Lentigen, a biotechnology company specializing in the development and manufacture of lentiviral gene delivery products, announced that that the FDA has granted orphan drug status to LG631-CD34, P140K methylguanine methyltransferase (MGMT) transduced human CD34 cells, for bone marrow protection in the treatment of glioblastoma multiforme.
The designation qualifies Lentigen for seven years of market exclusivity following marketing approval by the FDA and provides other development-related incentives.
"LG631-CD34 consists of the patients' adult hematopoietic stem cells genetically modified with a Lentiviral vector expressing a human MGMT gene variant, which is designed to protect the cells from the toxic side-effects of Temodar, a standard of care treatment for glioblastoma multiforme," said Dr. Boro Dropulic, chief scientific officer of Lentigen. "Protection of blood-forming hematopoietic stem cells from the side-effects effects of Temodar would provide immediate benefits to patients. It potentially enables higher doses and more intensive drug treatment with reduced toxicity, resulting in improved clinical outcomes.”
LG631-CD34 is currently being evaluated in a NIH grant-funded phase I clinical trial at University Hospitals Case Medical Center. The trial is supported by a grant from the National Cancer Institute and another grant to the Center for Stem Cell & Regenerative Medicine (CSCRM) from Ohio's Third Frontier Commission under its Research Commercialization Program.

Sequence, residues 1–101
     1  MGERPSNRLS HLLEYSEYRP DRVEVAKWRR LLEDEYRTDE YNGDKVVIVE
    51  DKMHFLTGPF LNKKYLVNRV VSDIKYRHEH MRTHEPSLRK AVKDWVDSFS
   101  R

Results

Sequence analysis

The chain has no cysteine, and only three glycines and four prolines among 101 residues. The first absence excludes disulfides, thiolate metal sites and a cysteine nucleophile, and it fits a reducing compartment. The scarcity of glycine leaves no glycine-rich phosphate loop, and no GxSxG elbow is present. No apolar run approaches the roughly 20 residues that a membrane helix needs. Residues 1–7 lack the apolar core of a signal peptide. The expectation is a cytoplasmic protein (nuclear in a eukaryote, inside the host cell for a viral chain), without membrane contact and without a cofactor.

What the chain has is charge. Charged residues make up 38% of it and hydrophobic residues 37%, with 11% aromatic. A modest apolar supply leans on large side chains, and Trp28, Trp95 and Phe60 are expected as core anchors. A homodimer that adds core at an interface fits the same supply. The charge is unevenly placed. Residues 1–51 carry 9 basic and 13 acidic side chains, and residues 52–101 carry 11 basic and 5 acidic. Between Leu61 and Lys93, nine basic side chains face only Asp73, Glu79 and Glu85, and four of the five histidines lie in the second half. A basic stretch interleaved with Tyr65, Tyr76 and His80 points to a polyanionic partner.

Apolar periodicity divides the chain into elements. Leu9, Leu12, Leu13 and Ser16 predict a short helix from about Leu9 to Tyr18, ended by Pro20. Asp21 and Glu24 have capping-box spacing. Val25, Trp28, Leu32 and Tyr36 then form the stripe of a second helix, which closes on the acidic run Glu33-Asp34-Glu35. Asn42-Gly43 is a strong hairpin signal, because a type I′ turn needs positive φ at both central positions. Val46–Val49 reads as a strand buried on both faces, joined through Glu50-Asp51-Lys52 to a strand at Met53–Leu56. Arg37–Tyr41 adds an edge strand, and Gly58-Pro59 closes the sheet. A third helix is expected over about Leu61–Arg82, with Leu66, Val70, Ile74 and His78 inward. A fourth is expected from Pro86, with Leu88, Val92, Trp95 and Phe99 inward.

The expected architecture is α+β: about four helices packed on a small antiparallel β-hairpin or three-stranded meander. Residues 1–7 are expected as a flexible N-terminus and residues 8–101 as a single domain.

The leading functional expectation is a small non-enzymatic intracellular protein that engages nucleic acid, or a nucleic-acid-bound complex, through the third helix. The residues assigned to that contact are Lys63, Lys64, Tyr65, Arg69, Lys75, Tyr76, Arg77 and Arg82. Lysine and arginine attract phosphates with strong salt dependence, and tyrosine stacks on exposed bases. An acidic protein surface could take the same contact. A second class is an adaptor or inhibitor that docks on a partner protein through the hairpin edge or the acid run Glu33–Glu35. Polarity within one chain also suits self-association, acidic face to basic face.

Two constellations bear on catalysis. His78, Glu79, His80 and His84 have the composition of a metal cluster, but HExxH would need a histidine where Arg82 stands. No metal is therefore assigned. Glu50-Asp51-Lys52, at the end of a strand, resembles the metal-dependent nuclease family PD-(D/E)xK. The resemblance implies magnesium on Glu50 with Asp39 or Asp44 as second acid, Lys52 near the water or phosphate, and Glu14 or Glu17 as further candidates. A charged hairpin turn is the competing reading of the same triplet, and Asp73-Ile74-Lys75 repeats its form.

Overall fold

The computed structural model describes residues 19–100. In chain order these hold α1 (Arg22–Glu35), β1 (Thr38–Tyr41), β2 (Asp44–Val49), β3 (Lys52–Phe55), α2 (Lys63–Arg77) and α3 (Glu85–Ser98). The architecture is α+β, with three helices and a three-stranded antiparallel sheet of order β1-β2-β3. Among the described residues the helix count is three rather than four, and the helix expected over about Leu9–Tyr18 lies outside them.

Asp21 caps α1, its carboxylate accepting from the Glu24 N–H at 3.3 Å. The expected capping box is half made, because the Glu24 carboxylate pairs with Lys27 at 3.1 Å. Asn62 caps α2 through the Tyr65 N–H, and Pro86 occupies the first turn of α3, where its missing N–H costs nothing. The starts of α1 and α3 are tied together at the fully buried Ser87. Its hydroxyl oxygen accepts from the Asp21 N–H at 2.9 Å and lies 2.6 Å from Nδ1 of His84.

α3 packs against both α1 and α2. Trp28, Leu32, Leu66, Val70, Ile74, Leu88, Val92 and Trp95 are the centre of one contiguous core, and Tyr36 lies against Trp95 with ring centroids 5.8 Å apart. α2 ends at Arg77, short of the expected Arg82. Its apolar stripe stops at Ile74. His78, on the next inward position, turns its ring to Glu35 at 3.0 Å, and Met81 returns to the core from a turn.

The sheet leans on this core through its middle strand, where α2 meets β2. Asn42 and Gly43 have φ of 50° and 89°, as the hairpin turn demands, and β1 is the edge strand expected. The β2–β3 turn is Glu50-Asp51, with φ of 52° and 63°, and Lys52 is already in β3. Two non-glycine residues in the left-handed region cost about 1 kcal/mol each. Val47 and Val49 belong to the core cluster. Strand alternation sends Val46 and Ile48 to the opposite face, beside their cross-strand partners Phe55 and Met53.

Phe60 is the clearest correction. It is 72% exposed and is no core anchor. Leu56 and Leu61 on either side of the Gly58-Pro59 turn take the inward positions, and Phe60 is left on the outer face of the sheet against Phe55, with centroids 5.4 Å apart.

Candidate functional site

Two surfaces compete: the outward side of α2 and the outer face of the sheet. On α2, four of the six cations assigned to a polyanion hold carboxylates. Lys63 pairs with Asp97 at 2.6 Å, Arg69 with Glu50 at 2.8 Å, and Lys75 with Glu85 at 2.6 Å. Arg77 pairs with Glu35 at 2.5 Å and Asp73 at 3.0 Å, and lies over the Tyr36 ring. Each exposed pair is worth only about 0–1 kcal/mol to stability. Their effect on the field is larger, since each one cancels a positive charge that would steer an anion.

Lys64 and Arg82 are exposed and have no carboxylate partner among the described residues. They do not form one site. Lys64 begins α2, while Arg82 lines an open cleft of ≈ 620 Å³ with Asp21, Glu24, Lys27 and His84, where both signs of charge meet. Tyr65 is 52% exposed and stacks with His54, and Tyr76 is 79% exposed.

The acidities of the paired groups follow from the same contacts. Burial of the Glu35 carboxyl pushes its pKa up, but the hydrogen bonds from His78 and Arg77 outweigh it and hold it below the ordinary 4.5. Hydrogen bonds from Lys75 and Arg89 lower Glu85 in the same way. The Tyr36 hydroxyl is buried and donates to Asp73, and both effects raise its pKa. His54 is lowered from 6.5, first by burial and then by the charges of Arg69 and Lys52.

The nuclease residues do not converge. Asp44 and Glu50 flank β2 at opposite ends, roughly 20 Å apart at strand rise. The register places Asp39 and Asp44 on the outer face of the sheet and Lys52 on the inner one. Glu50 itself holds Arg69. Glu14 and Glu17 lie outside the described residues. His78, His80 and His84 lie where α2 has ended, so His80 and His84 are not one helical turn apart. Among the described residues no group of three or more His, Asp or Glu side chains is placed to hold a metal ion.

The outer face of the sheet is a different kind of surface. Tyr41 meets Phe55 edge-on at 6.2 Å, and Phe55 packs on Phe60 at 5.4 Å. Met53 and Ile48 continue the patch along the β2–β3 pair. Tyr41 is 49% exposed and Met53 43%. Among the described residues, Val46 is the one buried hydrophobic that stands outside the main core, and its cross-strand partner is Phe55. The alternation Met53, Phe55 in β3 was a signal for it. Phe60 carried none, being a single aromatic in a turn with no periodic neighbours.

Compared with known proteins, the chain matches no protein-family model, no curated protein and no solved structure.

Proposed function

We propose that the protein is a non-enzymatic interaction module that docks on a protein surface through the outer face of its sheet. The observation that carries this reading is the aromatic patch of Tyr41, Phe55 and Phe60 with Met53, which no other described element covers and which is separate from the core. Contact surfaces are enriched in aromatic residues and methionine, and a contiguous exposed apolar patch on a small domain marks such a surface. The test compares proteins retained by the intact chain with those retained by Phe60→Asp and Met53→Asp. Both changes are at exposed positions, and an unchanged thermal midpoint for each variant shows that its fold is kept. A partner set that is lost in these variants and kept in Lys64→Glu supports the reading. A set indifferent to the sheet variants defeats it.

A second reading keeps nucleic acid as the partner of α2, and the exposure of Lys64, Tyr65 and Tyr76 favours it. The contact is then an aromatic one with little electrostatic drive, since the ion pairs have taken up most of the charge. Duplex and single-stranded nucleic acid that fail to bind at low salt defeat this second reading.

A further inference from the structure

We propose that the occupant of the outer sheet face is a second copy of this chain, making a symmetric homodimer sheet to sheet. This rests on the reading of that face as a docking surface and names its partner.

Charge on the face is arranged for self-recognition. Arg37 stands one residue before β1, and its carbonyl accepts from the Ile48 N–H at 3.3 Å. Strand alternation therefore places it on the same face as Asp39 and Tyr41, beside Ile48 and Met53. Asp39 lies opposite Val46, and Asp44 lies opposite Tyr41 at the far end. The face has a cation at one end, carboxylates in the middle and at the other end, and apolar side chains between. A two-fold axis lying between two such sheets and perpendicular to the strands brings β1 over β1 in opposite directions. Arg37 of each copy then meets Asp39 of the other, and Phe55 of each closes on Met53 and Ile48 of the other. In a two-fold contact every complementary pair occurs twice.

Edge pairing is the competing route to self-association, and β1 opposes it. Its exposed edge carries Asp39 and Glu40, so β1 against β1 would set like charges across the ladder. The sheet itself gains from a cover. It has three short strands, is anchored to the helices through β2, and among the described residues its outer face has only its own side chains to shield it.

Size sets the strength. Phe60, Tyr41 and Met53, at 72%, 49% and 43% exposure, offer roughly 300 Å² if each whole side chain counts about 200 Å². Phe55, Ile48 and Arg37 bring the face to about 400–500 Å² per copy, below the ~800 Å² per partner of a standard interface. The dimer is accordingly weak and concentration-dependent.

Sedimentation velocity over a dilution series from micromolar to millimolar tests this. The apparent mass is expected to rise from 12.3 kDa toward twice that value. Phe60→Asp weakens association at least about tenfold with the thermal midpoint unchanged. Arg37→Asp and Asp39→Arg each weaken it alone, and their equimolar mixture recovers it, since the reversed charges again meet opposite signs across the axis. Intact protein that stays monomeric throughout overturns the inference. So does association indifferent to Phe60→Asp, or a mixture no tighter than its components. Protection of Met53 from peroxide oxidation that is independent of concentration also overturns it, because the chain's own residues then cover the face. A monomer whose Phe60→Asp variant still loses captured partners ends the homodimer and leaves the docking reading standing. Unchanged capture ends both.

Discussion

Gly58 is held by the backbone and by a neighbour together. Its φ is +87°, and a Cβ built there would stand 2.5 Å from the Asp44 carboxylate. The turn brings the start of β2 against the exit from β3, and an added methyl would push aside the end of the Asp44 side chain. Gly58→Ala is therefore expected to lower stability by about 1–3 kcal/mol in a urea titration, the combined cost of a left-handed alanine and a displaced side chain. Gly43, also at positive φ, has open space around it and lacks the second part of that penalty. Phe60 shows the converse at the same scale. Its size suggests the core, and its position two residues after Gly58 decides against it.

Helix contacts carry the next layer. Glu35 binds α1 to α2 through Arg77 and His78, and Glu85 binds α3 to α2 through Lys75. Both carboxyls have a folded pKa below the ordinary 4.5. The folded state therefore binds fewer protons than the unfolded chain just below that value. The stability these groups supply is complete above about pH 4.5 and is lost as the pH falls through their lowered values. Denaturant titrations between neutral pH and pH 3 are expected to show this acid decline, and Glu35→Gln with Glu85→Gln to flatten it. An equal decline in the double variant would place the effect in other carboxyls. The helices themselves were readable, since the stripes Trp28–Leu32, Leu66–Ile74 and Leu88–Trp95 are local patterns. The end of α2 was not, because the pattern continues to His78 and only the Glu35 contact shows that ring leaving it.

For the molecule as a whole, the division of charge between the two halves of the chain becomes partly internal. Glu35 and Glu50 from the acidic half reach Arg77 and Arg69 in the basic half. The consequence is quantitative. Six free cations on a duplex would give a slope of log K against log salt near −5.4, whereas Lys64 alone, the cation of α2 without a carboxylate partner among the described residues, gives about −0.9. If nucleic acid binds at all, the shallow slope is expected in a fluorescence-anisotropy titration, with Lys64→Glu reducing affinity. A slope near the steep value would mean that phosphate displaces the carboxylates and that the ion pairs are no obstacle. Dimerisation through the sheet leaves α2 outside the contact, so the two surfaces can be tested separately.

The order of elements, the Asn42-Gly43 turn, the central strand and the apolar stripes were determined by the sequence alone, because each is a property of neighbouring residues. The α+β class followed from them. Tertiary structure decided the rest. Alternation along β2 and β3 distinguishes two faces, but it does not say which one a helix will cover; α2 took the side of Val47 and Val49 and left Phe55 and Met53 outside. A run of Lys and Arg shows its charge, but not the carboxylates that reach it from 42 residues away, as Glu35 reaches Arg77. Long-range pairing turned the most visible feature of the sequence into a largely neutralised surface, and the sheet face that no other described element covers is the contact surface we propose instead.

"Glioma is such an aggressive and challenging cancer," said Dr. Stanton Gerson, MD, director of the Seidman Cancer Center at UH Case Medical Center. "When patients are diagnosed with this life threatening disease, they have an average life expectancy of less than 12 months. The medical community needs to find new treatment strategies that can improve clinical outcomes in this devastating disease. I am hopeful that LG631-CD34 can make an important contribution and help us improve the lives of our patients."
Gerson is an inventor on this mutant alkyltransferase technology. He, as well as Case Western Reserve University and University Hospitals, could gain from commercialization of the invention.